Celebrations of Queen's Day in the Dutch city of Apeldoorn took a tragic turn around midday on Thursday.
Four people were killed and 13 injured when a car ploughed through a crowd of spectators watching the Queen's Day parade.
The queen may have escaped an attack. The car broke through the barriers, hitting people and crashing into a monumental column as the open-topped coach carrying the Royal Family passed.
The public prosecutor confirmed at a press conference that the driver was acting intentionally, but that there is no terrorist connection. He is reported to have made two earlier attempts to cross safety barriers, driving at a speed of at least 80 kms/hr. The driver was injured in the crash and had to be cut from his vehicle, after which he was arrested and taken away for interrogation. At present no details have been released about the driver except that he is a 38-year old Dutch national.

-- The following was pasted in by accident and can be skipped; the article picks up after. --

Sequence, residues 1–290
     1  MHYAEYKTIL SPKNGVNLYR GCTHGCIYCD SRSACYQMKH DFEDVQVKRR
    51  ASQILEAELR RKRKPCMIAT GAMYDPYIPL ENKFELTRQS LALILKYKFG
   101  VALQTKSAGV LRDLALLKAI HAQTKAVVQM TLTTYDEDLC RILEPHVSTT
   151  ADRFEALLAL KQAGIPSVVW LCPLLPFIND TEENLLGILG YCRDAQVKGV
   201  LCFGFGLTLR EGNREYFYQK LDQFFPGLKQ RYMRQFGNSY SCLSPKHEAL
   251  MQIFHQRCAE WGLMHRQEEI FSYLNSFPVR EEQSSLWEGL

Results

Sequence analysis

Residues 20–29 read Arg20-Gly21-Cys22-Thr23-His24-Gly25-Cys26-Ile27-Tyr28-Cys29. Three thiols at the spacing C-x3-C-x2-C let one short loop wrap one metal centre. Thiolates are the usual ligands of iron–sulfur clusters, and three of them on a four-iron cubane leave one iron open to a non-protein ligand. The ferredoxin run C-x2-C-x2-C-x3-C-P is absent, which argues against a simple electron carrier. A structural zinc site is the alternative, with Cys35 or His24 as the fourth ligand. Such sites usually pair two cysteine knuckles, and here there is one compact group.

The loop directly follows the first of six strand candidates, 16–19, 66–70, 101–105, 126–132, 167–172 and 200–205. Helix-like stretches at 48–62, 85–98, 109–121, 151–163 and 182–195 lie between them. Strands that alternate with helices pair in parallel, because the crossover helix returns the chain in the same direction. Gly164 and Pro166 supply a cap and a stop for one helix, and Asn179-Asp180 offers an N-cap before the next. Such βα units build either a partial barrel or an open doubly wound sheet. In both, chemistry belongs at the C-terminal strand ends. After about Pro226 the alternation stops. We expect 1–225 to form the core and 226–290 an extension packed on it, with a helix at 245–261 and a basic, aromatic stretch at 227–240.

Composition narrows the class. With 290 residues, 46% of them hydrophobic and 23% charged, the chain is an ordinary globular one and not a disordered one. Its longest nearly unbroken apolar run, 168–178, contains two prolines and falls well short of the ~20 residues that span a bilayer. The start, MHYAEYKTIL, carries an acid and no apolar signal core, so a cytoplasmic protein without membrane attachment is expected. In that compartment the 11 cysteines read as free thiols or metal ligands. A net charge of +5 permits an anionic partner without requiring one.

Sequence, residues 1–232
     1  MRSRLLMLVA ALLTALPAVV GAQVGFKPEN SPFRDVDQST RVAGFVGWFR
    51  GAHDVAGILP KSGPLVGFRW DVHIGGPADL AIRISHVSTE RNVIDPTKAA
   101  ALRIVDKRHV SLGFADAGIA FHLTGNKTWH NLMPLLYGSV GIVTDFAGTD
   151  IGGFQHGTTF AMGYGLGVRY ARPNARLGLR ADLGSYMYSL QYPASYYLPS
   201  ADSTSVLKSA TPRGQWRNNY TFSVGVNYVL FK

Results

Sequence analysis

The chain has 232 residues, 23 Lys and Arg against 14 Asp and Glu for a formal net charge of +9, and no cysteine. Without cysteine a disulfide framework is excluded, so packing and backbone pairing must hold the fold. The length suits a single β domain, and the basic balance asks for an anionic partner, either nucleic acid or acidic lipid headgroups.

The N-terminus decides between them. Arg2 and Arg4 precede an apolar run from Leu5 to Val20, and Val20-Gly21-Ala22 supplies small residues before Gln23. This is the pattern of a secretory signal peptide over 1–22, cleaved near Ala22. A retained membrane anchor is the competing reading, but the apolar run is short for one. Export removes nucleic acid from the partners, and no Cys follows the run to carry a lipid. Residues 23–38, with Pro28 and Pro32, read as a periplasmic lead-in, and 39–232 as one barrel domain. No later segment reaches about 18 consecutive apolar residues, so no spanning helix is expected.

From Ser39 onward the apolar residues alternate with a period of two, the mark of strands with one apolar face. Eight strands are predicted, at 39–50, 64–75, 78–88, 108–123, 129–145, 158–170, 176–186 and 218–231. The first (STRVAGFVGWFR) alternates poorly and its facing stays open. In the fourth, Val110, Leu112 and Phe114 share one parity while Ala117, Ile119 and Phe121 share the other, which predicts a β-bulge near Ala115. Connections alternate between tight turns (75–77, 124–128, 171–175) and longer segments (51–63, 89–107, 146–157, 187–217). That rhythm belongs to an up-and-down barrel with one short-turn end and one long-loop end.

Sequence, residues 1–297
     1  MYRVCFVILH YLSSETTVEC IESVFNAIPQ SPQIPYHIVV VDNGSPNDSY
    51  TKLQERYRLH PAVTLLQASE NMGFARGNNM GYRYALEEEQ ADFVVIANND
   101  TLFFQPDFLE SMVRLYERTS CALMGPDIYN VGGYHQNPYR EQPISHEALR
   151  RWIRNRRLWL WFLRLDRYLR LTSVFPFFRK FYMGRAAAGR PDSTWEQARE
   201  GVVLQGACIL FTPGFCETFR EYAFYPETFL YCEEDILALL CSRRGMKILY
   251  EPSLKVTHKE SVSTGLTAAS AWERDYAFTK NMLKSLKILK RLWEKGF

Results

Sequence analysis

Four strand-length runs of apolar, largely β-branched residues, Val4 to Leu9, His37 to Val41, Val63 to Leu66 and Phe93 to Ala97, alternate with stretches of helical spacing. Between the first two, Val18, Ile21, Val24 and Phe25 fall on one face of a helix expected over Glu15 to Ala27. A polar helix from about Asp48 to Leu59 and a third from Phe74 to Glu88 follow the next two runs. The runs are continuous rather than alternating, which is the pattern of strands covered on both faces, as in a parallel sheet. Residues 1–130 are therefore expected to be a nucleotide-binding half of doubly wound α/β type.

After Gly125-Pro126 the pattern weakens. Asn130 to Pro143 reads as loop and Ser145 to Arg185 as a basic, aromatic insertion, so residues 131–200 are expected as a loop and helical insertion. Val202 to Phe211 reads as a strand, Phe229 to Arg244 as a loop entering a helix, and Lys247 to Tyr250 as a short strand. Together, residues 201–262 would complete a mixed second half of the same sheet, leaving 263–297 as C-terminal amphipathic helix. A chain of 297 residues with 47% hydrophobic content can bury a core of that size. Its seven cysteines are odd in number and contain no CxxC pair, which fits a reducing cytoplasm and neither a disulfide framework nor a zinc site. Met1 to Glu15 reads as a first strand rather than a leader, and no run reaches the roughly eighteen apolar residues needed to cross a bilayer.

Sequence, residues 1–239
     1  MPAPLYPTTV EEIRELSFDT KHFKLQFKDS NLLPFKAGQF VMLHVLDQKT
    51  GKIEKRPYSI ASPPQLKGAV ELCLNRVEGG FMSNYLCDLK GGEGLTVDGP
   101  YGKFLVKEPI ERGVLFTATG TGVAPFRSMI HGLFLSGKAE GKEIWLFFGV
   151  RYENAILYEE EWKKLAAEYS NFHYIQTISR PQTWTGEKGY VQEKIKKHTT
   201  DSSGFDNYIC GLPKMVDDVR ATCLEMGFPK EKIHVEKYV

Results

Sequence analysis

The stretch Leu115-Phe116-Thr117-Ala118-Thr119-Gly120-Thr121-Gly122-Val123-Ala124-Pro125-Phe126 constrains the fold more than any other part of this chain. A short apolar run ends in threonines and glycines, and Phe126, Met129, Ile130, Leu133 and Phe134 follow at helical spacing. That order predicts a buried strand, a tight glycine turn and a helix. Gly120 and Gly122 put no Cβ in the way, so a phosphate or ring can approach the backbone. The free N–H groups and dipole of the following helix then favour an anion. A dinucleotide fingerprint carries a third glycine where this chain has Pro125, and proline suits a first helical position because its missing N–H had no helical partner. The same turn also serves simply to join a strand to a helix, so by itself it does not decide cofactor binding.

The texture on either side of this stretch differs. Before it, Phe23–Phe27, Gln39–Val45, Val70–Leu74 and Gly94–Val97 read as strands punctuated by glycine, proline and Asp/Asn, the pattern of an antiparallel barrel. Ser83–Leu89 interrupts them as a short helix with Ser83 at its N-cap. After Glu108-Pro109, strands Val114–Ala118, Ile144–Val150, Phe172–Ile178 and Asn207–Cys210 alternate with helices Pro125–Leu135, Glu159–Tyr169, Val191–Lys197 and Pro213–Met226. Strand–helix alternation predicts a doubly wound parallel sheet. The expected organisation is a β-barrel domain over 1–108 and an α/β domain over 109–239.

Police are meticulously searching the car wreck, assisted by the national demining squad and in the presence of the National Anti-terror Coordinator.
The Royal Family, waving to the crowd from their open-topped bus, witnessed the incident. Immediately afterwards the vehicle was driven to Het Loo palace, accompanied by security guards. The Government Information Service has announced the queen and her family are deeply shocked by the events.
The mayor of Apeldoorn has cancelled all Queen's Day festivities in his city. In Rotterdam, too, the celebrations have been cancelled, while the capital Amsterdam and other cities are toning down most activities. Parties, performances and flea markets may have to close earlier than usual, but given the size of the crowds that have flocked to the capital, Amsterdam in particular is unlikely to ask people to leave early.
Queen's Day is an annual national holiday, celebrated on the birthday of the late Queen Juliana, 30 April. Queen Beatrix' actual birthday is on 31 January; she is 71 today.
Radio Netherlands/ Expatica